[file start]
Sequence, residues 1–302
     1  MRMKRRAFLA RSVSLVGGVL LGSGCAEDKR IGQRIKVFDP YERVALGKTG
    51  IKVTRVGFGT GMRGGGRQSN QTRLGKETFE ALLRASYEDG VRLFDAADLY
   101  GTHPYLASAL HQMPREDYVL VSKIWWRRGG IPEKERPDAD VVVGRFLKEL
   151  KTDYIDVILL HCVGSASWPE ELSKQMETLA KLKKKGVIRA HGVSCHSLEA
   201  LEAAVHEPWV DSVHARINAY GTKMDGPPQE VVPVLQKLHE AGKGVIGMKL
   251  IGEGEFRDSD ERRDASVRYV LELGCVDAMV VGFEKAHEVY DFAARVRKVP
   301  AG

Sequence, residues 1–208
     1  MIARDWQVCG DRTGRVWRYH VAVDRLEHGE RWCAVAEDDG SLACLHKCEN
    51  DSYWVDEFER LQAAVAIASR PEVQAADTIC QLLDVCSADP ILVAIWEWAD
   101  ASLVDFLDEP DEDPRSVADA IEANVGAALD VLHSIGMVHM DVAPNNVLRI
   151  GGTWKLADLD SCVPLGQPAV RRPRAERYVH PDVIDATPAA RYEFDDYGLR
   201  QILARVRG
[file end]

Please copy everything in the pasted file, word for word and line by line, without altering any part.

Sequence, residues 1–302
     1  MRMKRRAFLA RSVSLVGGVL LGSGCAEDKR IGQRIKVFDP YERVALGKTG
    51  IKVTRVGFGT GMRGGGRQSN QTRLGKETFE ALLRASYEDG VRLFDAADLY
   101  GTHPYLASAL HQMPREDYVL VSKIWWRRGG IPEKERPDAD VVVGRFLKEL
   151  KTDYIDVILL HCVGSASWPE ELSKQMETLA KLKKKGVIRA HGVSCHSLEA
   201  LEAAVHEPWV DSVHARINAY GTKMDGPPQE VVPVLQKLHE AGKGVIGMKL
   251  IGEGEFRDSD ERRDASVRYV LELGCVDAMV VGFEKAHEVY DFAARVRKVP
   301  AG

Sequence, residues 1–208
     1  MIARDWQVCG DRTGRVWRYH VAVDRLEHGE RWCAVAEDDG SLACLHKCEN
    51  DSYWVDEFER LQAAVAIASR PEVQAADTIC QLLDVCSADP ILVAIWEWAD
   101  ASLVDFLDEP DEDPRSVADA IEANVGAALD VLHSIGMVHM DVAPNNVLRI
   151  GGTWKLADLD SCVPLGQPAV RRPRAERYVH PDVIDATPAA RYEFDDYGLR
   201  QILARVRG